Some good reads

by Joshua Foust on 10/9/2010 · 18 comments

  • The Atlantic has a harrowing piece examining the contradictions of the war in Afghanistan. An Army sniper shot a man who appeared to be carrying an AK-47. When he was brought to the base for treatment, the man’s brother was berated for not standing up to the Taliban more. When he said he can’t do anything more, a soldier accused him of being a liar. The gunshot victim was eventually released.
  • We have some new data for the Shindand Bombing: apparently one of the security contractors involved had ties to the Taliban. Unfortunately, so do most security contractors in Afghanistan. Paul McCleary has been posting the most explosive elements of this story. Unfortunately, it’s not terribly surprising, though it’s interesting that everyone still focuses on the Taliban ties of the contractor at Shindand, but not the 30 civilians we killed trying to get at him.
  • Speaking of: can we please finally admit that Hamid Karzai is right to be disbanding these contractors? He’s implementing the very DIAG/DDR process the U.S. is trying desperately to unravel.
  • Steve Clemons endorses Robert Pape’s new book analyzing suicide terrorism. Pape’s thesis is that garrisoning foreign troops induces suicide terrorism (it’s unclear how he defines “foreign” or develops causation). His solution is the “offshore balancing” idea, which relies on sea power and air strikes to enforce a more limited idea of containment-based security.
  • Marjah is failing. There remains fierce fighting in Marjah, the district of Helmand ISAF claimed would become the centerpiece of their new counterinsurgency strategy. Things are so bad the Taliban are jailing and threatening with death Afghan aid workers.
  • I have a feature essay up at Current Intelligence, discussing the classification issues in Anthony Shaffer’s Operation Dark Heart.
  • Steve LeVine pwns Dan Drezner and argues that Central Asia is a strategically important region.
  • Some geographers try to understand water issues in Central Asia.

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This post was written by...

– author of 1848 posts on 17_PersonNotFound.

Joshua Foust is a Fellow at the American Security Project and the author of Afghanistan Journal: Selections from Registan.net. His research focuses primarily on Central and South Asia. Joshua is a correspondent for The Atlantic and a columnist for PBS Need to Know. Joshua appears regularly on the BBC World News, Aljazeera, and international public radio. Joshua's writing has appeared in the Columbia Journalism Review, Foreign Policy’s AfPak Channel, the New York Times, Reuters, and the Christian Science Monitor. Follow him on twitter: @joshuafoust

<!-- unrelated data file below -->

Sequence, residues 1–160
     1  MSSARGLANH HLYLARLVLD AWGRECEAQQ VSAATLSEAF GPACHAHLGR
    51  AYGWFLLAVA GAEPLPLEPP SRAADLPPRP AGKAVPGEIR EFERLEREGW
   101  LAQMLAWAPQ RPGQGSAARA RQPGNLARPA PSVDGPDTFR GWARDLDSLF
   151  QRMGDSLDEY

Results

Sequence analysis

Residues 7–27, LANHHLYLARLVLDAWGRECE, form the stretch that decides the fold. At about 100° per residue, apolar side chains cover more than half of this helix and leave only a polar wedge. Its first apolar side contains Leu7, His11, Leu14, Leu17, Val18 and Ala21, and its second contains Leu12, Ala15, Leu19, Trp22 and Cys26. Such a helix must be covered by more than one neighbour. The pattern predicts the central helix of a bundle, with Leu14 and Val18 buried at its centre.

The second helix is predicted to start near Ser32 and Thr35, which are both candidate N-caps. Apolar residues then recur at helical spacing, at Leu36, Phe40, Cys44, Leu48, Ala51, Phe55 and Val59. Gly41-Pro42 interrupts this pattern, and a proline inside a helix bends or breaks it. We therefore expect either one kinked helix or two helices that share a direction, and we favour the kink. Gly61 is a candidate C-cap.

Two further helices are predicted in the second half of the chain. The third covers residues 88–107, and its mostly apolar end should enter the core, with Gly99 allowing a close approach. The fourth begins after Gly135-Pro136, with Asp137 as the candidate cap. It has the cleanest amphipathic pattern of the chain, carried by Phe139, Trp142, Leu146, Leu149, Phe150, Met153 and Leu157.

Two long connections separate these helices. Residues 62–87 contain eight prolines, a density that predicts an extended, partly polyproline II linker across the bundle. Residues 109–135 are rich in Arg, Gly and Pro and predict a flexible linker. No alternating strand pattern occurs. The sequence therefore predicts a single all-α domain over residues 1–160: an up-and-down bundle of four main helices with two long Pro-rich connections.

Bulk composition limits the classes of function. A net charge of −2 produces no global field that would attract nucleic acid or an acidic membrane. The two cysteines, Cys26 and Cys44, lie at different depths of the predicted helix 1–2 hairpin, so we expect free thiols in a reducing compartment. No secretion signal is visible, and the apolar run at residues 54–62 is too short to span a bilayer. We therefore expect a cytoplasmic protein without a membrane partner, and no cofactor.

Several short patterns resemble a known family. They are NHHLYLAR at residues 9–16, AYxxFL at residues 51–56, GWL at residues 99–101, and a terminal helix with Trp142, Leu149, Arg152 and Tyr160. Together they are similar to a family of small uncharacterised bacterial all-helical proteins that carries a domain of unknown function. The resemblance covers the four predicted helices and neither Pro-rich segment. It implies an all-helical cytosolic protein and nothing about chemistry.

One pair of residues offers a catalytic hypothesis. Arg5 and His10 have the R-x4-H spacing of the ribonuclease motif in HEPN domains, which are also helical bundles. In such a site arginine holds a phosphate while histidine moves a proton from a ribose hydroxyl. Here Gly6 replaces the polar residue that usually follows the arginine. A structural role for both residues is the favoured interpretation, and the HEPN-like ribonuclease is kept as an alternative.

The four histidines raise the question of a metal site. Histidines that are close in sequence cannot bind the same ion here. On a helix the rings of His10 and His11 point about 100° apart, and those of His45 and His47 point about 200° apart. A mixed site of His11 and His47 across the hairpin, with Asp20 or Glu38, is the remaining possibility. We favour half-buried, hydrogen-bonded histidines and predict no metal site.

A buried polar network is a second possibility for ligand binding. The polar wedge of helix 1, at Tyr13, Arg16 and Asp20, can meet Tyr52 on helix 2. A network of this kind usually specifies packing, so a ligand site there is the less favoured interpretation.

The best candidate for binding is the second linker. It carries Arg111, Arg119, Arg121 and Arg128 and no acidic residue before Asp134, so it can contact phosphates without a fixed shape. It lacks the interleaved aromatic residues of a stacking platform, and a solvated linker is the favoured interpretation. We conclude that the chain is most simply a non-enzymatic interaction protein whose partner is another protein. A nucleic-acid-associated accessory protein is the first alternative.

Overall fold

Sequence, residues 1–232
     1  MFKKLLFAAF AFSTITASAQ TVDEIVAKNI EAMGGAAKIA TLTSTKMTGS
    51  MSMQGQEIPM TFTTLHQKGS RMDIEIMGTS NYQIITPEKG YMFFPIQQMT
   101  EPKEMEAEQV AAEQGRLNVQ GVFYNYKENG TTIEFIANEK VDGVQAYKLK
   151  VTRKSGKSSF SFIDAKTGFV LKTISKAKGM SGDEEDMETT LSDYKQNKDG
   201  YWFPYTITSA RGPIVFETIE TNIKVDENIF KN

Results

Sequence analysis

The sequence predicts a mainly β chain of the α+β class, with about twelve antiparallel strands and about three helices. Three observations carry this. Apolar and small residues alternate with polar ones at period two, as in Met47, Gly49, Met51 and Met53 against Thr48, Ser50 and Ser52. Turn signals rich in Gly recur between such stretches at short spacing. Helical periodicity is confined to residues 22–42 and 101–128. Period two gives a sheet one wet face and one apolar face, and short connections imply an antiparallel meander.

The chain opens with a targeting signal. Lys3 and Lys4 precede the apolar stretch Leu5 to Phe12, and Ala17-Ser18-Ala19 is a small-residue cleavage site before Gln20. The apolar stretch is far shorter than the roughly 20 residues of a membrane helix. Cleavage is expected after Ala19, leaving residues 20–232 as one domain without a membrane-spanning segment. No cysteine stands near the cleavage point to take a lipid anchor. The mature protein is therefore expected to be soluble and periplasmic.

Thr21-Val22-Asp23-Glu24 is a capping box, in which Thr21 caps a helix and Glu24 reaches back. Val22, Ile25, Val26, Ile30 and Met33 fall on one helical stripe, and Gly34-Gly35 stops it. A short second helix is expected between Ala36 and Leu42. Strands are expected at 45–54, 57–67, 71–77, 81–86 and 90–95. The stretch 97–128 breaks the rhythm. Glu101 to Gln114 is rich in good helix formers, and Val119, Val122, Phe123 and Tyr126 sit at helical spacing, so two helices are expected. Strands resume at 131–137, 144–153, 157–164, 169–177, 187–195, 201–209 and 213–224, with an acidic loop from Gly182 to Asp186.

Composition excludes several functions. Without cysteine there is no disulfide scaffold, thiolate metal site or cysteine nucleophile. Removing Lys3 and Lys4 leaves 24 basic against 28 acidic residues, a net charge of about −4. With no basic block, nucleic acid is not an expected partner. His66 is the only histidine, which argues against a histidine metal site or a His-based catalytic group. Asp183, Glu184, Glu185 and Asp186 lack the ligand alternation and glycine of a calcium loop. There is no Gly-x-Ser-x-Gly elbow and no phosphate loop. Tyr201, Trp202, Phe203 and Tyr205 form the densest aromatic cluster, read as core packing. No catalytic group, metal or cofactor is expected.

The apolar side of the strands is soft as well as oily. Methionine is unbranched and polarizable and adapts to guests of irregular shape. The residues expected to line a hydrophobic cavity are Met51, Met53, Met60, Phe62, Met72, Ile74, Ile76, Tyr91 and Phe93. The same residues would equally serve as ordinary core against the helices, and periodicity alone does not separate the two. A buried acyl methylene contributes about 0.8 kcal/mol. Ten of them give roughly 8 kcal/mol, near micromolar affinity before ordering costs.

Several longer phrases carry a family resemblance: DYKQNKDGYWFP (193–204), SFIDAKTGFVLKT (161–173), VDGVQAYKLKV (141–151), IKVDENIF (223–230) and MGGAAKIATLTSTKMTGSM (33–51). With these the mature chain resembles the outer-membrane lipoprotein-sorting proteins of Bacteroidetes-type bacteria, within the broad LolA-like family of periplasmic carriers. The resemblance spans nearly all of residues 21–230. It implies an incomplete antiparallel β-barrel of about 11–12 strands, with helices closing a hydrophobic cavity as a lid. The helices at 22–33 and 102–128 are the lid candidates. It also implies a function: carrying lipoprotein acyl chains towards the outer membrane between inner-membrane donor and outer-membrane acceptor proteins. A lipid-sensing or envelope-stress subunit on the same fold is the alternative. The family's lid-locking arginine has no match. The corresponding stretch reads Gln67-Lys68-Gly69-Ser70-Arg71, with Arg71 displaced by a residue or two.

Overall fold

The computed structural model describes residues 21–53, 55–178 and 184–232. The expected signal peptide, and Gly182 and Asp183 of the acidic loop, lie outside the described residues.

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{ 18 comments }

Joe Dixon October 9, 2010 at 11:31 am

That first piece has left me very confused, not to mention quite angry.

Am I supposed to sympathize with the American sniper? In my mind his actions (not to mention his attitude when the man he shot arrives at his FOB) are indefensible and reprehensible. But Mockenhaupt’s (great name, if nothing else) penultimate paragraph seems to be trying to make the reader feel sorry for Farnsworth’s unit:

Rosa walked away, frustrated, but unsurprised after months of similar conversations. Maybe the wounded man was Taliban. Maybe not. Determining the truth seemed nearly impossible.

I’ve no doubt that Farnworth’s experiences were “harrowing,” and I am in no position to comment on the psychological pressures of soldiering, but surely shooting farmers isn’t going to help the American cause.

Sure, it’s difficult to tell the difference between combatants and non-combatants in an insurgency, but, surely individual engagement is more important than taking ‘pot-shots’?

To me, as a Brit, it smacks of American paranoia, suspicion and fear. Is it possible that this is culturally ingrained from the Cold War?

Bobby October 9, 2010 at 12:09 pm

This is something that has been bothering me for some time now…